Some claim to originality:  attenuated hierarchical decentralization.  this prescription allows socialism to abolish markets and menial labor via piecemeal automation.
World federation.  no foreign trade, no production of means of war.

from 25 is where I envision how a really different “system” might be possible on the platform of the present civilization.  especially 26-28
33-34  democratic choice of large-scale capital construction —??


feasibility programming  [from Ch. VIII]

a. non-negativity of activity scales.
b. capacity constraints on activity scales, derived from levels of stocks of plant and equipment.
c. satisfaction of consumer needs (assumes a pre-planned menu?!)
d. on-loading of natural resources does not exceed amounts available at their sources.
e. use of natural resources in production does not exceed off-loadings of natural resources.
f. for each intermediate good or flow at each production facility, aggregate consumption must not exceed aggregate supplies.

resume with Ch. VII
economy has n goods
time-period variable is t.  t means “at the end of period t.”  t-1 is equivalent to “at the beginning of period t.”

scale at which process j is run is Xjthe schedule of scales at which processes are run is therefore the vector X.  We always assume X ≥ 0 and this constraint will not be repeated.  The problem is to find any X, given the constraints.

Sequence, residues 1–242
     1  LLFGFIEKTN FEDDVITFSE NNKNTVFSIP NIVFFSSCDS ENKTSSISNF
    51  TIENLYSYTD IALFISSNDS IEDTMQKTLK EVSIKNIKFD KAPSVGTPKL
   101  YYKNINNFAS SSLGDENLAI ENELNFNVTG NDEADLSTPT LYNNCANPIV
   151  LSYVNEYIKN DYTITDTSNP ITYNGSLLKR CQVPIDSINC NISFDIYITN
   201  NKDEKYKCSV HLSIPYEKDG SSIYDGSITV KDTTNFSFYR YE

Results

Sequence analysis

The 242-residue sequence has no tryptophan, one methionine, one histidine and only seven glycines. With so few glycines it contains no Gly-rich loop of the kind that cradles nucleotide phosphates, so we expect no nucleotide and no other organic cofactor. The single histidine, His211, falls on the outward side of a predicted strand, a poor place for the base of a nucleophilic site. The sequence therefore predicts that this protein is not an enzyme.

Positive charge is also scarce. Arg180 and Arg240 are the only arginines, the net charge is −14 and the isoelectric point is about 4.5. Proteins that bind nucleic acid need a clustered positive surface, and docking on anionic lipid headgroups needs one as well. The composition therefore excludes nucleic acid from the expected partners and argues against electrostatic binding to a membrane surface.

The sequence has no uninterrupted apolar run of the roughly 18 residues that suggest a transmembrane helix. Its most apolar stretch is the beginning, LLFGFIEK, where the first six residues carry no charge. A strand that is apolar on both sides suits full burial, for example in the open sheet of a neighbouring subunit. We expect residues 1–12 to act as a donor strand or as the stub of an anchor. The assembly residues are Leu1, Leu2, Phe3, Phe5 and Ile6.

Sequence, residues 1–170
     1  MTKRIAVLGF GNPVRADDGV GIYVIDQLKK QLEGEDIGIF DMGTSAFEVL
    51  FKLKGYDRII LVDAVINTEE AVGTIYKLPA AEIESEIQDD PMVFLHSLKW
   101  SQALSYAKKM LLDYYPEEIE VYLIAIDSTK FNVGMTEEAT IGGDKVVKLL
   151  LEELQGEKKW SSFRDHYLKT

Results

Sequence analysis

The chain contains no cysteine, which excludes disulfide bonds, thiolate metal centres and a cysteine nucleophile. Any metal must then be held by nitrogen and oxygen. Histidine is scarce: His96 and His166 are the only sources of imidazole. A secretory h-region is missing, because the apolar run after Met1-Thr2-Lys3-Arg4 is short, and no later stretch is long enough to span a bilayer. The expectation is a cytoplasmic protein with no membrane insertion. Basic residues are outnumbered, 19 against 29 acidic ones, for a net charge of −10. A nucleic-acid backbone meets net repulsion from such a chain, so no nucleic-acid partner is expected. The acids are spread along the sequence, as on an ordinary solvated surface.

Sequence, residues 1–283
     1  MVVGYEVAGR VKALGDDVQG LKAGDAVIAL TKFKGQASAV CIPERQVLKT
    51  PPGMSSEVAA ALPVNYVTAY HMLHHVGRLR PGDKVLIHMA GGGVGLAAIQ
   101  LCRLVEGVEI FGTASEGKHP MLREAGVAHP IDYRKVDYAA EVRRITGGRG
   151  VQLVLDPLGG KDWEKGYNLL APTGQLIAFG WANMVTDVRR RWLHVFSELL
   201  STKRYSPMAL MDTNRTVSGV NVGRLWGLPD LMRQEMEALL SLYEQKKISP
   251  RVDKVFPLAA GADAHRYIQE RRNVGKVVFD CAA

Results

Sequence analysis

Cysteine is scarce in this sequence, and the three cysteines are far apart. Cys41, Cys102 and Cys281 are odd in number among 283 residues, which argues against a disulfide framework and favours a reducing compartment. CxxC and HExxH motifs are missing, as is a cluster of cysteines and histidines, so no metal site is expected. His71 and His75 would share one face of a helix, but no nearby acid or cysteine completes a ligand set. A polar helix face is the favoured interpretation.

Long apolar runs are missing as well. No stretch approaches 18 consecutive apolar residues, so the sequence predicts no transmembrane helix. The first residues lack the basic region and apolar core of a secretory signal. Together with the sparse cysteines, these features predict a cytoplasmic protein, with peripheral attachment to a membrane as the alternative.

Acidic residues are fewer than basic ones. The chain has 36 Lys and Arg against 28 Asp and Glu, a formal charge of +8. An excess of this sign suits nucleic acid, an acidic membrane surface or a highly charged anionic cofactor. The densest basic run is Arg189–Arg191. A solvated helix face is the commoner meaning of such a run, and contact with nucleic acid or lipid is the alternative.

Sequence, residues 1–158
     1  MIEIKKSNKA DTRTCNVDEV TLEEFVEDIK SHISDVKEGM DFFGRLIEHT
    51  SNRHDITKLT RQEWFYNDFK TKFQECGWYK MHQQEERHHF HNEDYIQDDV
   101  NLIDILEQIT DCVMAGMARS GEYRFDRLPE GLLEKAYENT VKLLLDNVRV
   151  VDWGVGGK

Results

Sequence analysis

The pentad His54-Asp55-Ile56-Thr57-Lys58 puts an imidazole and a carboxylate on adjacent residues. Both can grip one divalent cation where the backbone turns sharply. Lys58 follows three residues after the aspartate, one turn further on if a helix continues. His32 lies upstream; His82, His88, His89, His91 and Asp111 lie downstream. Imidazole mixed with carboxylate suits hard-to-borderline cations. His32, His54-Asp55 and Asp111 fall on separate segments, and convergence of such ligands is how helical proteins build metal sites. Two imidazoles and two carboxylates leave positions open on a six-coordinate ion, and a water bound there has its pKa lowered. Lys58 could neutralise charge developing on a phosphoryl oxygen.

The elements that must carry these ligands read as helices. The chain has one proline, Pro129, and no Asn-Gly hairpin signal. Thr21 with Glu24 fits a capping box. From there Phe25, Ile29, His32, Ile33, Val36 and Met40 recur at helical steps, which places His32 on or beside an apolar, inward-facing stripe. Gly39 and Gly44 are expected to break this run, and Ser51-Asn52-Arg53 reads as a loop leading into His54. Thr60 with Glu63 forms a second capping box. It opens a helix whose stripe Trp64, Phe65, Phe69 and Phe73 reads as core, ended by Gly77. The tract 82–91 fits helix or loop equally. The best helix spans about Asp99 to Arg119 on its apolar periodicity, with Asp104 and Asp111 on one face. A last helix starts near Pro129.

bij is the flow of the ith good in the jth activity.  the matrix B.

then the net output from running the system at level X is BX.

K^(0) is the n-vector of available capacity at the beginning of year 1.

ckj stock of producer good k required to operate activity j at unit scale.  the matrix C.  total capacity required for level X is CX.

the capacity constraint is CX ≤ K^(0)

the vector R is annually available resources.

dqj quantity of natural resource q required to operate activity j at unit scale.  the matrix D.

abstractly, the resource constraint is  DX ≤ R.

summary, the matrices:
B is consumption of intermediate goods by production
C is capacity use (machines and so forth)
D is raw material consumption

the outputs:

n-vector U of aggregate need-satisfying consumption.

n-vector of yearly capacity replacement is Z ≥ 0.  there is a relationship between Z and K^(0); the coefficients are lifetimes of the stocks.